3 Reasons Why Orange Blue Light Blocking Glasses are Misleading

Truelight Daylight glasses in a pile showing off color

Article at a Glance: 

  • Orange or amber “blue blocking” lenses are traditional blue blockers, based on 1970’s science (originally developed by NASA). They block too much blue light during the day, and essentially no green light at night.

  • Based on a frog discovery in 1998, we now know that the green spectrum has an incredible impact on sleep quality.

  • Not all blue light is actually bad. Some blue light is needed during the day in order to remain awake and functioning normally. Blocking all of the blue spectrum isn’t good for your alertness or your overall circadian rhythm.

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Before we move on, let’s do a quick definition of what “blue light” is and is not. It’s not actually the same as the “bibbidi bobbidi blue” paint color that you painted the walls in your child’s nursery.  Rather, it’s a frequency of light emitted by electronic devices, such as TVs, iPads, smartphones, and fluorescent bulbs. It’s also found in natural sunlight. Collectively, we call blue light “junk light” when it’s man-made by electronics rather than the sun.

The concept of blocking the blue light spectrum to improve sleep has been around since the 1970’s. That was when the tiny brain region called the Suprachiasmatic Nucleus (SCN) was discovered. The SCN helps to control the body’s sleep cycles, wakefulness and other daily fluctuations. Glasses that have orange lenses, also known as “blue light blocking glasses” were developed to block 100% of the blue spectrum. This became the mainstay solution to address the impact of light on the SCN. But back in the 70’s, blue light was a very small problem, so it wasn’t widely adopted. It also wasn’t understood that blocking all blue light during the day is bad for the brain. Today, the old fashioned orange-lensed blue blockers are available for about $10 at common online resellers like Amazon. There are more expensive orange lens versions, but that extra cost you end up paying at the end of the day is for frame style and brand name, not high quality or function.

The shift to junk light in the 90’s

Then, in 1992, everything changed. The era of junk light was about to begin. That is when technology was developed to generate full-spectrum white LED light and the high-brightness blue LED was born. Today, most of us live under constant bright-white light, which tells our SCN and physiology it’s always “noon”, even if it’s 6 am or 6 pm. That also coincided with the beginning of computers (with bright blue screens) in more homes, more TV time, and eventually tables and smartphones. The result is that people were surrounded by junk light 24 hours per day for the first time in history. Now it seemed that blue blocking glasses and lenses could make a big difference. But we hadn’t yet met the frogs…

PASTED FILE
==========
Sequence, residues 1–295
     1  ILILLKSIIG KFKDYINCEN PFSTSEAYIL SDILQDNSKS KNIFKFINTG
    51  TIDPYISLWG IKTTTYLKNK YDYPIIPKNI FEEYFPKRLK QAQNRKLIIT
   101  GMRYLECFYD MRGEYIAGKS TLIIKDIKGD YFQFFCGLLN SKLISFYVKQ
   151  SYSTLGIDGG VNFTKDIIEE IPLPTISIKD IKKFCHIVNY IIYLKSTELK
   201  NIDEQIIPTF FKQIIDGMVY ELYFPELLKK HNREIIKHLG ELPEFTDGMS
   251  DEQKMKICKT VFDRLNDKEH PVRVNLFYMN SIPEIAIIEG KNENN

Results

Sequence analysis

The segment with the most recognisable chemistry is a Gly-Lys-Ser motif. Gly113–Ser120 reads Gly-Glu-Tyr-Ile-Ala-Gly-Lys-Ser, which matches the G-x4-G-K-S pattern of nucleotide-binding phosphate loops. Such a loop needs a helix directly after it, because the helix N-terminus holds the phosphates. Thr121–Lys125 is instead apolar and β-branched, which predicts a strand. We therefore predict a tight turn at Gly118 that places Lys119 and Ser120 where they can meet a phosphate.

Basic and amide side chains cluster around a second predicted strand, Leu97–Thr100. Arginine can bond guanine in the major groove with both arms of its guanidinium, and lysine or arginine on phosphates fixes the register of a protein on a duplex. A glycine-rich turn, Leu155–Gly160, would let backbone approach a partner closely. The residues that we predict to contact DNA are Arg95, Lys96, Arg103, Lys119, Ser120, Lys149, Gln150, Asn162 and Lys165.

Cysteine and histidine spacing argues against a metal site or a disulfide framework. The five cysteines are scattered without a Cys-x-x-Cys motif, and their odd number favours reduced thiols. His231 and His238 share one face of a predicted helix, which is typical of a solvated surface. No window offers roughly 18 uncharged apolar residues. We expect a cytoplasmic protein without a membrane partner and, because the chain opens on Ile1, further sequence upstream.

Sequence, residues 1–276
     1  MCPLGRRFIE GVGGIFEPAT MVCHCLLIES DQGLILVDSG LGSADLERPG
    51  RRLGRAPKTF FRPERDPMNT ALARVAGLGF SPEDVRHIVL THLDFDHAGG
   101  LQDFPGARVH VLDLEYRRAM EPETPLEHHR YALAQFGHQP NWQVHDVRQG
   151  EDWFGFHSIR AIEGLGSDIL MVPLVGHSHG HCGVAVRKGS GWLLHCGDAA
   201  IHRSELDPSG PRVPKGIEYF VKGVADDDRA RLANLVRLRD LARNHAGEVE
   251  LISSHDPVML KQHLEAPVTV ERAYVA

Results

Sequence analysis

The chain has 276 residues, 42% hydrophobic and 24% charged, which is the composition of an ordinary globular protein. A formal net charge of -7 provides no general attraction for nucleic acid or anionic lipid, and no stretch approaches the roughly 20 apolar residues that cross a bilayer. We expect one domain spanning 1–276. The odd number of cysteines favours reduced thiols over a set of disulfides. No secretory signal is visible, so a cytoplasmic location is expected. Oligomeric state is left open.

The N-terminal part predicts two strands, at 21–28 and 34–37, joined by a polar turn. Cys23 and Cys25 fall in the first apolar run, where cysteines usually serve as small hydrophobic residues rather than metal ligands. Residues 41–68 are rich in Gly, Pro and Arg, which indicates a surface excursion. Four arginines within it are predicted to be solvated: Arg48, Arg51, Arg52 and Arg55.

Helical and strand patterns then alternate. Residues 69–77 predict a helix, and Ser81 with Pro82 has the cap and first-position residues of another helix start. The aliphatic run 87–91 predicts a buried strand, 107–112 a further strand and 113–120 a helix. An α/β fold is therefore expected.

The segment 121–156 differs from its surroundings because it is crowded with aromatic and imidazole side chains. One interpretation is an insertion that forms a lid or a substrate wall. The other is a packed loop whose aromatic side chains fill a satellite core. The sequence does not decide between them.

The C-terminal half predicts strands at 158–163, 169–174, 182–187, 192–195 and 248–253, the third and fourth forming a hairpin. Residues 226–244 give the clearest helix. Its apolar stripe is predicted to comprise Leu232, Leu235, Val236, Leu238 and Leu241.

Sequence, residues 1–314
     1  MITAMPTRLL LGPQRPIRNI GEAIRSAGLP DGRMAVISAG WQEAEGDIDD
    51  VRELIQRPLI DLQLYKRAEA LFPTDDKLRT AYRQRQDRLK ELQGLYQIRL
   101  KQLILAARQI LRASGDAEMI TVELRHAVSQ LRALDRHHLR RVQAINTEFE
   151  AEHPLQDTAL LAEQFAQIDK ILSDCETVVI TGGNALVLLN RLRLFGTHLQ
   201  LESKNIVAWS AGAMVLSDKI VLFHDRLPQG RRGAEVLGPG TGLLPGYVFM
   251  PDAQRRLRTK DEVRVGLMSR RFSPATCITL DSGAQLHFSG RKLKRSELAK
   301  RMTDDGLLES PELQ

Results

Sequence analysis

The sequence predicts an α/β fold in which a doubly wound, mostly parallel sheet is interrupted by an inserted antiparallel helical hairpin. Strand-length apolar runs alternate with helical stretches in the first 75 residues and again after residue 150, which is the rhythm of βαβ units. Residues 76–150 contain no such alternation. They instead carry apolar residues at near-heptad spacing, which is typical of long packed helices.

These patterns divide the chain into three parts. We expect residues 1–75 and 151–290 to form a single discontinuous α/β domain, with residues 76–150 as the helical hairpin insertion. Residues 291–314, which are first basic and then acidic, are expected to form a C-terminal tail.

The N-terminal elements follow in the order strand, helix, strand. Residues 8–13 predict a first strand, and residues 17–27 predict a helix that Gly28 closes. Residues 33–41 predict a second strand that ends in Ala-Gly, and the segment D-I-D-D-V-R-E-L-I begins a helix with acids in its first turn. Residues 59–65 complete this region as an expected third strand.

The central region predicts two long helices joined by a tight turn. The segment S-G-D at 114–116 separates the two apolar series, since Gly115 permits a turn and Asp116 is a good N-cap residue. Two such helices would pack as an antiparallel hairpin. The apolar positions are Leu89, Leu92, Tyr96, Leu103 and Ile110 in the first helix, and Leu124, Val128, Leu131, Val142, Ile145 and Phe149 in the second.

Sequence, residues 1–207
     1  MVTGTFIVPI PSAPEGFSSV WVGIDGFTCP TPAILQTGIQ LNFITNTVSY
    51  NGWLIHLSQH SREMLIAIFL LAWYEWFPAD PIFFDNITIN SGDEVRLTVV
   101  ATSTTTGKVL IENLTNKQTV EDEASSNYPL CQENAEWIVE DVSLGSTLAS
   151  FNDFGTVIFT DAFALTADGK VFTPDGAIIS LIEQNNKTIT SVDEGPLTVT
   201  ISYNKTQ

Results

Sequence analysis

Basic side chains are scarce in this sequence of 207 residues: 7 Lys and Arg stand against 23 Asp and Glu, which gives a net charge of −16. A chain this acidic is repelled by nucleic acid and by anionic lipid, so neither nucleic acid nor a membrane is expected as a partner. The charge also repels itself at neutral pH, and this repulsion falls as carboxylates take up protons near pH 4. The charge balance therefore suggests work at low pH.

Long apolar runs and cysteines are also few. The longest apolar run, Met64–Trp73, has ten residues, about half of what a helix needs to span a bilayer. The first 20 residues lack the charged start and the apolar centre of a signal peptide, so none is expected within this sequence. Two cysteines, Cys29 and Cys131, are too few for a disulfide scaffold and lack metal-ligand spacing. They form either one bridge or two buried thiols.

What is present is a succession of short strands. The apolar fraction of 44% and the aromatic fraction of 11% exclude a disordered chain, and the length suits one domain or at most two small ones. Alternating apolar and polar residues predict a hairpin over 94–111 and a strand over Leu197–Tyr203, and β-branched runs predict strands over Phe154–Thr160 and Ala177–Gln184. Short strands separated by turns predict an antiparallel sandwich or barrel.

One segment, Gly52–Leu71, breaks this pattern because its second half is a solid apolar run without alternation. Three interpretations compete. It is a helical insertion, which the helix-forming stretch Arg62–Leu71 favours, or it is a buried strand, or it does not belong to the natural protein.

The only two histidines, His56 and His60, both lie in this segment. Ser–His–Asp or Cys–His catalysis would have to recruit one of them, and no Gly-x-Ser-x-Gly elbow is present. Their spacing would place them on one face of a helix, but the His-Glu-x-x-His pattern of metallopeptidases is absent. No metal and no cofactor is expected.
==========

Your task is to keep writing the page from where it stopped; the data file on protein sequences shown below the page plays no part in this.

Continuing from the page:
And then there were frogs

Light research continued, and a new discovery was made that showed blue light isn’t the only light that impacts our SCN. It happened in 1998 with the African Clawed frog. While melatonin is well known as the “sleep hormone”, very few people talk about what triggers melatonin to be secreted. It wasn’t widely understood until 1998, when the light sensitivity of the African Clawed frog was studied. Now we know that we need to block blue and green spectrum in order to get our bodies and hormones ready for solid sleep.

Your melapsoin sensors trigger your body to make melatonin, are incredibly sensitive to blue AND green light spectrum. So by blocking only the blue light spectrum with orange or amber lenses, you partially help get ready for sleep, but you’re missing the green blocking half of the solution. The “blue blocking” glasses you want to be using in the evening before bed are not orange, they are dark red and block blue AND green. Learn more about how you can keep your body and brain thinking it’s nighttime even when your eyes are open.